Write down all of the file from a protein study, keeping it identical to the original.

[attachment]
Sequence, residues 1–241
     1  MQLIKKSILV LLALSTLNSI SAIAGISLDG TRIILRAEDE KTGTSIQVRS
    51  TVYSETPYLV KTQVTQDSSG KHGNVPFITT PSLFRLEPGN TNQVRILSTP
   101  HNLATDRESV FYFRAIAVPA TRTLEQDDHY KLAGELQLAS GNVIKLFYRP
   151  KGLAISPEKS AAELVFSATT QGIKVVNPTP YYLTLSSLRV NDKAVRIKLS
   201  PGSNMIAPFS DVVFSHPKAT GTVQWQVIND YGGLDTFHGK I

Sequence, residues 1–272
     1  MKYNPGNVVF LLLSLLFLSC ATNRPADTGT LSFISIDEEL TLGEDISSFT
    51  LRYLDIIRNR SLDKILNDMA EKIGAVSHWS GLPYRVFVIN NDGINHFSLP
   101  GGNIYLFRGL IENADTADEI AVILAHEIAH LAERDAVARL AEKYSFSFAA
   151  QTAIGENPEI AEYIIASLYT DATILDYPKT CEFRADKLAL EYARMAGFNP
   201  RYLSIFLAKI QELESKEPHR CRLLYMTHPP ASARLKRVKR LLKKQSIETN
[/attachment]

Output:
Sequence, residues 1–241
     1  MQLIKKSILV LLALSTLNSI SAIAGISLDG TRIILRAEDE KTGTSIQVRS
    51  TVYSETPYLV KTQVTQDSSG KHGNVPFITT PSLFRLEPGN TNQVRILSTP
   101  HNLATDRESV FYFRAIAVPA TRTLEQDDHY KLAGELQLAS GNVIKLFYRP
   151  KGLAISPEKS AAELVFSATT QGIKVVNPTP YYLTLSSLRV NDKAVRIKLS
   201  PGSNMIAPFS DVVFSHPKAT GTVQWQVIND YGGLDTFHGK I

Sequence, residues 1–272
     1  MKYNPGNVVF LLLSLLFLSC ATNRPADTGT LSFISIDEEL TLGEDISSFT
    51  LRYLDIIRNR SLDKILNDMA EKIGAVSHWS GLPYRVFVIN NDGINHFSLP
   101  GGNIYLFRGL IENADTADEI AVILAHEIAH LAERDAVARL AEKYSFSFAA
   151  QTAIGENPEI AEYIIASLYT DATILDYPKT CEFRADKLAL EYARMAGFNP
   201  RYLSIFLAKI QELESKEPHR CRLLYMTHPP ASARLKRVKR LLKKQSIETN